The Army’s beleaguered Joint Light Tactical Vehicle (JLTV) battle just keeps getting more interesting. Thought to be all but dead less than eight months ago, the $13 billion-plus Army and Marine troop carrier program is now being sought by no fewer than six contractors.
At last week’s AUSA Winter Symposium, the industry trotted out its latest gizmos and gadgets for the Army’s top brass. And as hard as contractors were trying to sell, the customers just weren’t buying.
Do no harm. It’s a cardinal rule for doctors – and it should be the same for advertisers because a poorly executed ad can do as much damage as a surgeon with a shaky hand.
Recently, when flipping through a defense magazine, I came across one of these misguided ads and was shocked by how badly it served the company that had purchased it.
The one-pager was for comms equipment, and it depicted your typical soldier as an operator. But on his camo cap, there was the word “infidel” written in Arabic-style script, a tweak to Islamic extremists.
Boeing is swearing up and down that it has not abandoned Kansas. Sure, just a few weeks ago, it ordered the shuttering of its Wichita plant — a move that put 2,160 people out of work and raised hackles across the state.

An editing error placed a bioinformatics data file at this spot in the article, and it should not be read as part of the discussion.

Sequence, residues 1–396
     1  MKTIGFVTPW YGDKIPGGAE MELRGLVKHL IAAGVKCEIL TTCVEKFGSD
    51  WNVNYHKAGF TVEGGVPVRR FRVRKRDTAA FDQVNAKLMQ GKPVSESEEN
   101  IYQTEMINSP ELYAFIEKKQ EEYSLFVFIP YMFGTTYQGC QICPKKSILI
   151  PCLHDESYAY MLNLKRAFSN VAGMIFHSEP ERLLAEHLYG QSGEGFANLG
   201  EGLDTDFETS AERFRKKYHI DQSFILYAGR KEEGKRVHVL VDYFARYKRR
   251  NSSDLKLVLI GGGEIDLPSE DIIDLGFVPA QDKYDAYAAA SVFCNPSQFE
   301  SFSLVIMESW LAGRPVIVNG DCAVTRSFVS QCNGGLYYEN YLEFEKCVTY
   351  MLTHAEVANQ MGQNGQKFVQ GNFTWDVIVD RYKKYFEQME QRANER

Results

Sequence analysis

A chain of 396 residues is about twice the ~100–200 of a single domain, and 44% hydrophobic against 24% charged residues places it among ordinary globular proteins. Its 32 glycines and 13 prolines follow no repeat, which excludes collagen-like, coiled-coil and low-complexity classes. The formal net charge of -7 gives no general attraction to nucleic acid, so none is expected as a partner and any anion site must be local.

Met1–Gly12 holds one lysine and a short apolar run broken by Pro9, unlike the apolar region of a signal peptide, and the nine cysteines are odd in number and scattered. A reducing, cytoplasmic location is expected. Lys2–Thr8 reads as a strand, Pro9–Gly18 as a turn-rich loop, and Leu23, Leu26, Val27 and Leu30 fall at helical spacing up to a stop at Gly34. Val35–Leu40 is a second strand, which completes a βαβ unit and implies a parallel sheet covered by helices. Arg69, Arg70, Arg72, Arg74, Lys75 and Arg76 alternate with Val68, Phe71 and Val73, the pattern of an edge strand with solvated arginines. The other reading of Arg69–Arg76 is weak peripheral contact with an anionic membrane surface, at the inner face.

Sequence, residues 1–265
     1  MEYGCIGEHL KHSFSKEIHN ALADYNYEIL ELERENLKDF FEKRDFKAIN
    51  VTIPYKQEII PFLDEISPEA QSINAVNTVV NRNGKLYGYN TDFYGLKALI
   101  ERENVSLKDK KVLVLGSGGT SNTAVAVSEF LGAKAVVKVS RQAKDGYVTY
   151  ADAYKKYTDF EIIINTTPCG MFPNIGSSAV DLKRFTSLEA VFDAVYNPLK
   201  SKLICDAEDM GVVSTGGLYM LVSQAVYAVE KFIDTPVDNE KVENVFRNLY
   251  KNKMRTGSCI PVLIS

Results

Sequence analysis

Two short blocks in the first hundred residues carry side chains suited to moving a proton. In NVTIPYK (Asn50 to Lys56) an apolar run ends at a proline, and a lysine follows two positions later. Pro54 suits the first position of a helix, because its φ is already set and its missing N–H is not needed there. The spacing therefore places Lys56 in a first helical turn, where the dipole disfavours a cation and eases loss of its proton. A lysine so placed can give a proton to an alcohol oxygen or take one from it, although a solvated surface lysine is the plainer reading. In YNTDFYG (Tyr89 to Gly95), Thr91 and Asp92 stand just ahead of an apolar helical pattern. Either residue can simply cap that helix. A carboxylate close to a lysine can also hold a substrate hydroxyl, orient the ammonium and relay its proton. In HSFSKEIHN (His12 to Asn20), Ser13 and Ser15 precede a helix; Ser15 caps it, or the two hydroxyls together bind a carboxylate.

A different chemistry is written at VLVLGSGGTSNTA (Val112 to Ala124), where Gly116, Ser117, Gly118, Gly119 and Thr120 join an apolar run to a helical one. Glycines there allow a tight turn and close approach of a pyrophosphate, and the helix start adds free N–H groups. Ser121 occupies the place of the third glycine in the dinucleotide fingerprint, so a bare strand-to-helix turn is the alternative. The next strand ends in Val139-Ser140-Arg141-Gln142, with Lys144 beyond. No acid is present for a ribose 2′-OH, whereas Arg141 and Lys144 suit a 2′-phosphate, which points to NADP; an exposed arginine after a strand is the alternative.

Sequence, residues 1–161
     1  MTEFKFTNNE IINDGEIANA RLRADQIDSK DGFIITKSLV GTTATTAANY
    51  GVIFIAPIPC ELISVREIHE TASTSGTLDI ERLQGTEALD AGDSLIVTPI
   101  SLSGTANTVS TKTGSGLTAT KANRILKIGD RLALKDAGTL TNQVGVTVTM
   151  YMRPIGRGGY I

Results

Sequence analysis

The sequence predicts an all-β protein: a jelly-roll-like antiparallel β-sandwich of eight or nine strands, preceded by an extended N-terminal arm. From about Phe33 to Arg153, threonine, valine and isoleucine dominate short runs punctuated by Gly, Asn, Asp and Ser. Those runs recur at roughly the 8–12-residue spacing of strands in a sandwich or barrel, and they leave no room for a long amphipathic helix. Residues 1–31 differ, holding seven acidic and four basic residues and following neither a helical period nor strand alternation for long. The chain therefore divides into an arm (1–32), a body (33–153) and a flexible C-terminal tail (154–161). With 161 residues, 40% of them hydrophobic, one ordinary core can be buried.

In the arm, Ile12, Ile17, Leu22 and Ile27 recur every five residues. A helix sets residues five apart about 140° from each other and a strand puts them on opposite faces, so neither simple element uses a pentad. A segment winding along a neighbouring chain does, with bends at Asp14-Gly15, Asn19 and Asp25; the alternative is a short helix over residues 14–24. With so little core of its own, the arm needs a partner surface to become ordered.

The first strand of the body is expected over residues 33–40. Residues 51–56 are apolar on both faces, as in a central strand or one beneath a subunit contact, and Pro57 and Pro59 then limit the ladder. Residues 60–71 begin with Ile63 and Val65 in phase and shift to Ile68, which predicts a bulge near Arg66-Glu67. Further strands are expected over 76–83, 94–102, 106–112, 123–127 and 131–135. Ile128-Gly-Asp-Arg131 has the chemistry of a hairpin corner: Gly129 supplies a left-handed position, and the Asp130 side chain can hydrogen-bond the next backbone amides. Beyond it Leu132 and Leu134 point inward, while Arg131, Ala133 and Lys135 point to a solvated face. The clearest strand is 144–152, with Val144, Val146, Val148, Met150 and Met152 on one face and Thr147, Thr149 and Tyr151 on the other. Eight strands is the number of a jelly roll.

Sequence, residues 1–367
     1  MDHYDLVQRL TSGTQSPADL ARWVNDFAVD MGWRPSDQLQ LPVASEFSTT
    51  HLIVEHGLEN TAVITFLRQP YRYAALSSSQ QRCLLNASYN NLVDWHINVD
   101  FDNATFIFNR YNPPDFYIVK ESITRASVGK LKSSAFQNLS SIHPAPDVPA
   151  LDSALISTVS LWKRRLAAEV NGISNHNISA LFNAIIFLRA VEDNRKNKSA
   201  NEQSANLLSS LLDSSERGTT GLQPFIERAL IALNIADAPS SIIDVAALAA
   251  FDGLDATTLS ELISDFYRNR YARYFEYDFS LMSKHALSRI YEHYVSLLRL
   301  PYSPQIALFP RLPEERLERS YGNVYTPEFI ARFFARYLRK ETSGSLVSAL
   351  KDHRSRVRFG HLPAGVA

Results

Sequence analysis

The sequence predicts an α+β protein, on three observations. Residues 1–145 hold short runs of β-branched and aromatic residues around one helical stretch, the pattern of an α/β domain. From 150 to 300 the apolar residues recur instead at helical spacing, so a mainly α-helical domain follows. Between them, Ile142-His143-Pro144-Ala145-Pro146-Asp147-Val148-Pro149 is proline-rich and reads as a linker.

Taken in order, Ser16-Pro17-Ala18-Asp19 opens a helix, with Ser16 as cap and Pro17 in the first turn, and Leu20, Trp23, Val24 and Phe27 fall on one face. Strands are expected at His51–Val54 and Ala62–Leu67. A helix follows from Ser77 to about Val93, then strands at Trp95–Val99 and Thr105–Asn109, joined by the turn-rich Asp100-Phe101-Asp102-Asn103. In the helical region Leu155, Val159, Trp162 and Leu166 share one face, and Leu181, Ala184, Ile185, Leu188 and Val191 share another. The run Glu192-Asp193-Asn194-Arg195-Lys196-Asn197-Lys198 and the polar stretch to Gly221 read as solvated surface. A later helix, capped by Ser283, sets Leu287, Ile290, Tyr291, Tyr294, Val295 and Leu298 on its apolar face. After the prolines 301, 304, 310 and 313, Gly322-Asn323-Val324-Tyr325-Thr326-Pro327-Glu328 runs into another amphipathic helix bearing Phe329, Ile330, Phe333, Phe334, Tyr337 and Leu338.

Well, what a year 2011 was. A new SecDef and Pentagon leadership, sequestration and budget cuts, the debt ceiling debate, bin Laden finally getting his comeuppance, U.S. forces withdrawing from Iraq, acquisition reform and all the merger/acquisition/spin-off activity that seems to have captivated the industry are all enough to make anyone’s head spin. I get tired just thinking about the past 12 months.
It’s no secret that the F-35 Joint Strike Fighter is a troubled program. Over the past 10 years, the price of Lockheed Martin’s cutting-edge stealth aircraft has shot up 64 percent, while sales projections have continued to slide. Indeed, foreign countries that once fell over themselves to join the multinational F-35 program are now showing far less enthusiasm for the $120-150 million plane.
If you thought the conversation about solar energy in America was full of mixed messages, you'd be right. There are differences over the economic and commercial viability of solar power, and whether the government ought to play a role in encouraging renewable energy investment. These opinions (like so many others) are largely ideologically driven, but it’s starting to look like the divisiveness of the current political environment has begun plaguing the industry itself. Yes: things have gotten even more confusing.